Sensory Impairment and Cultural Inclusion

Project leader: Simon Hayhoe

The World Health Organisation estimates that approximately 1.3 billion people worldwide have a significant visual impairment and over 460 million people have a significant hearing impairment. In Western countries, older adults make up over 90% of the sensorially impaired community, and this number will increase dramatically as the older adult population grows.

Research at the CPNSS shows how older people with sensory impairments learn and get support in places like museums, galleries national parks and community groups – the knowledge and soft-skills gained through this learning, termed inclusive capital, is designed to overcome social and cultural exclusion.

This research addresses the exclusion of people with sensory impairments from a range of social and cultural contexts, and includes projects examining participatory methodologies and the use of technologies that provide customised captions, changing colours, multi-media features, voice over, to name but a few, through mobile technologies such as tablets and mobile phones.

This research engages with and develops specialist fields of learning theory, encompasses cross disciplinary fields (such as philosophy of mind, human-computer processes and the epistemology of vision science), and focuses on the core theme of inclusion in cultural institutions, from museums to community centres to community schools.

The research has three strands: Firstly, understanding how the senses work together with language to obviate the worst effects of sensory impairment. This research has been conducted in places such as the UK, US, UAE, Turkey, Russia, Spain and Austria; secondly, the substitution of assistive technologies, such as specialist zoom devices, with apps, other software and hardware, termed inclusive technologies, from low tech devices to iPads and mobile phones in the UK, Spain, Austria and Serbia; thirdly, support for people, particularly older people, with sensory impairments’ throughout life course in places such as museums, community centres, town centres and national parks in the UK, US, Russia, Mexico, Spain and Austria.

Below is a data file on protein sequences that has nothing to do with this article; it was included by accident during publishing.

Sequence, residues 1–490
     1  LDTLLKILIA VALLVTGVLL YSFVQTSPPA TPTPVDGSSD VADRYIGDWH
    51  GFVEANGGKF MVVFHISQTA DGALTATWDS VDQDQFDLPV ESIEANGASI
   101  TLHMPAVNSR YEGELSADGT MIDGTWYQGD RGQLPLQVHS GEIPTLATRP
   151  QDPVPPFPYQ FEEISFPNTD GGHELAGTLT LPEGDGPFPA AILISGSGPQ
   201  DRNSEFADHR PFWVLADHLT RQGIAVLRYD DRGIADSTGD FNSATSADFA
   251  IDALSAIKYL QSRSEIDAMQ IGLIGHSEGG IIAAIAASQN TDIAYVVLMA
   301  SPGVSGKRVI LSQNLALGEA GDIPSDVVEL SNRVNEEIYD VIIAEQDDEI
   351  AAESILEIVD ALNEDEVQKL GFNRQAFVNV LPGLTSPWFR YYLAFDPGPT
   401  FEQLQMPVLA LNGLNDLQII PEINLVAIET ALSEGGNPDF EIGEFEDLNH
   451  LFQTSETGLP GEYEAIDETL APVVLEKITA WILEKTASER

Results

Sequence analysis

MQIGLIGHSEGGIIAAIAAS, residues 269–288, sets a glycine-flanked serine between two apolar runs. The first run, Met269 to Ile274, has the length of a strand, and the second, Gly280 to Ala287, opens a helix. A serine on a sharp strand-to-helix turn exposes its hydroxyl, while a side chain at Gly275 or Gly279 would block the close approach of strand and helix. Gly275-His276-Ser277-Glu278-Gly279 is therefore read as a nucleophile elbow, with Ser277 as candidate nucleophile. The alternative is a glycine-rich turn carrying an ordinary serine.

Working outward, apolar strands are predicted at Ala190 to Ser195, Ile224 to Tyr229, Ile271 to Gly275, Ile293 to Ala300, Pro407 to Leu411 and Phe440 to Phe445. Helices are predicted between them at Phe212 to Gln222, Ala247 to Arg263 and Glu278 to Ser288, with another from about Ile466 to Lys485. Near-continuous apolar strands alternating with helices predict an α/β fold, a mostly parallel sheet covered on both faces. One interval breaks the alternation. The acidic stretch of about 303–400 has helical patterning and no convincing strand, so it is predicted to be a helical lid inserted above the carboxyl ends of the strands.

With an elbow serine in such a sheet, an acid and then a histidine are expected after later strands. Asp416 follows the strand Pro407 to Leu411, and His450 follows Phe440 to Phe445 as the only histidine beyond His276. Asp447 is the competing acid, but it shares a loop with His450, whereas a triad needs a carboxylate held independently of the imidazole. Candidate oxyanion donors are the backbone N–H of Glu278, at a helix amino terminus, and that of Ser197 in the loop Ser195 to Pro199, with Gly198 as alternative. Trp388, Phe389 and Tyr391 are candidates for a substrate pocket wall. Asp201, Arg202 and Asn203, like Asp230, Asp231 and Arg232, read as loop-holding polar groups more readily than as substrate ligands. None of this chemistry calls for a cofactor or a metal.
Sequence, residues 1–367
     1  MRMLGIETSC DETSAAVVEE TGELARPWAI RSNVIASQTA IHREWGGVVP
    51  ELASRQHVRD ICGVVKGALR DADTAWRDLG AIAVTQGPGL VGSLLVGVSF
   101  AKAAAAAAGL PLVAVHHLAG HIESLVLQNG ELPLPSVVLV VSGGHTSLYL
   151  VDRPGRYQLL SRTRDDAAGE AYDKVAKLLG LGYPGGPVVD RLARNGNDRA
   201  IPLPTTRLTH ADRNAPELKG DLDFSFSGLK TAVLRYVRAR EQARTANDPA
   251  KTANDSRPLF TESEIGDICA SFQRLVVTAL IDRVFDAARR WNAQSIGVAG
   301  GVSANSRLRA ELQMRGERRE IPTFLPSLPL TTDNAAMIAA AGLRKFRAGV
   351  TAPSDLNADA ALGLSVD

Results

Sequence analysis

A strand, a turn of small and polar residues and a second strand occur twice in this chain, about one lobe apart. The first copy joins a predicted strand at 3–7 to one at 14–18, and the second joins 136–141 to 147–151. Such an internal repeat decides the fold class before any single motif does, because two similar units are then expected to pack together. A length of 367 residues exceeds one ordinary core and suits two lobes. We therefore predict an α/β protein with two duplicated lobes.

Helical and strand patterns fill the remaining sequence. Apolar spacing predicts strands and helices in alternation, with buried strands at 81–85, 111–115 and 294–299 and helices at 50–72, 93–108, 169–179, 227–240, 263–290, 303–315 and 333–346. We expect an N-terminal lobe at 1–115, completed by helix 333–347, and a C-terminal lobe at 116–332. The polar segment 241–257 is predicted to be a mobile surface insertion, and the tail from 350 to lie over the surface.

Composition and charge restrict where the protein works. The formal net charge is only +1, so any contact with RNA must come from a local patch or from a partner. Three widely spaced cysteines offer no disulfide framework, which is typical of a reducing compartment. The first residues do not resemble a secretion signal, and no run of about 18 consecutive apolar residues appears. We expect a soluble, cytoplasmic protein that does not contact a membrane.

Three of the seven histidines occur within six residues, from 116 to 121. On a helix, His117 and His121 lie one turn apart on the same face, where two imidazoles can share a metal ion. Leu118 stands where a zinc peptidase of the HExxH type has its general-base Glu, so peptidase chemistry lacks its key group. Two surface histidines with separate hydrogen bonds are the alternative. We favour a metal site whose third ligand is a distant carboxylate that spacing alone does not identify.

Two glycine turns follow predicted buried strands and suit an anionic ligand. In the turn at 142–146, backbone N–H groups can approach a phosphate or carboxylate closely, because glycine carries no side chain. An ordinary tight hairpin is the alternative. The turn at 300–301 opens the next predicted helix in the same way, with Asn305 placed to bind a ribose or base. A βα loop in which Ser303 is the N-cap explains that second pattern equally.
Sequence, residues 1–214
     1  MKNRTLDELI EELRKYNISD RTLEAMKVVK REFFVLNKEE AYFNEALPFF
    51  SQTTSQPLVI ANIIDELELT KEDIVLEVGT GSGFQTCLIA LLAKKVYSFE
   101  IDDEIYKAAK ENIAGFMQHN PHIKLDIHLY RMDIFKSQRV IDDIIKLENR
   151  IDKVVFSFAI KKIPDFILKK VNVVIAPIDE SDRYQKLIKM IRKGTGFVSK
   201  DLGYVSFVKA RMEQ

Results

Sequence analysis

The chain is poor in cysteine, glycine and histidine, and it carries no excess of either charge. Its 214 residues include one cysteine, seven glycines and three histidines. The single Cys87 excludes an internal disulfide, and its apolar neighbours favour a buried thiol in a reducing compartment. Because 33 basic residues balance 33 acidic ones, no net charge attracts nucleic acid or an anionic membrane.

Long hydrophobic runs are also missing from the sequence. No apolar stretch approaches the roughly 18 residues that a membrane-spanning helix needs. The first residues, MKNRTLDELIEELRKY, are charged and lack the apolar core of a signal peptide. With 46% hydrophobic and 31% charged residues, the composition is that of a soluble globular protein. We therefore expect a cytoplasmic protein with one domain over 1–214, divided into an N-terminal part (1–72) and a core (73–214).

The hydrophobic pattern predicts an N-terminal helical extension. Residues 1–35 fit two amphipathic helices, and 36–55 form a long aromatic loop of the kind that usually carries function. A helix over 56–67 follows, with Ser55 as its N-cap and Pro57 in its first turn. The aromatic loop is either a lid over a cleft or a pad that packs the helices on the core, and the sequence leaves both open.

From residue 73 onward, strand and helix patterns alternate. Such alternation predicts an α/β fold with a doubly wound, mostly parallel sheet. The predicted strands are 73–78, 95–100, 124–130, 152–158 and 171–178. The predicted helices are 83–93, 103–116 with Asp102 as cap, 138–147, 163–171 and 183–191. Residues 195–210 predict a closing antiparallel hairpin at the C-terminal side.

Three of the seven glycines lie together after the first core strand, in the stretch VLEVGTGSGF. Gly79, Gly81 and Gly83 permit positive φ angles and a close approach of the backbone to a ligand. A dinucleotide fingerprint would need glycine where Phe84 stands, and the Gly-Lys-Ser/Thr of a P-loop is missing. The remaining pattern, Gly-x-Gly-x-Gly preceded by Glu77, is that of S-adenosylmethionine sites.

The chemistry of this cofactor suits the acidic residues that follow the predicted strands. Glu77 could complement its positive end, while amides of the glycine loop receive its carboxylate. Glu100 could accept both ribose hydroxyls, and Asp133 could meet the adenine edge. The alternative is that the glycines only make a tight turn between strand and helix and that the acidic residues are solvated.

For example, Hayhoe’s research on technologies, teaching and learning has specialised in the use of mobile technologies and touchable / multi-sensory technologies in museums and galleries. The research methodology employed in these studies involves participatory research, grounded methodology and inclusive capital.

The key research findings from the recent body of research are: people with sensory impairments who gain impairments in later life often do not want to be identified as such and reference their earlier non-impaired cultures and identities, maintaining their previous learning habits; people with early-life sensory impairments are more likely to identify themselves according to their most significant impairment, many of whom have been taught to believe they are incapable of understanding much of their surroundings because of their impaired senses; and people with visual impairments with no visual perception from birth can understand what are traditionally thought to be solely visual concepts – such as colour and perspective – through combinations of alternative perceptual cues and language. The latter finding in particular challenges the belief of 300 years of philosophy of mind, that itself influenced the education of students with sensory impairments.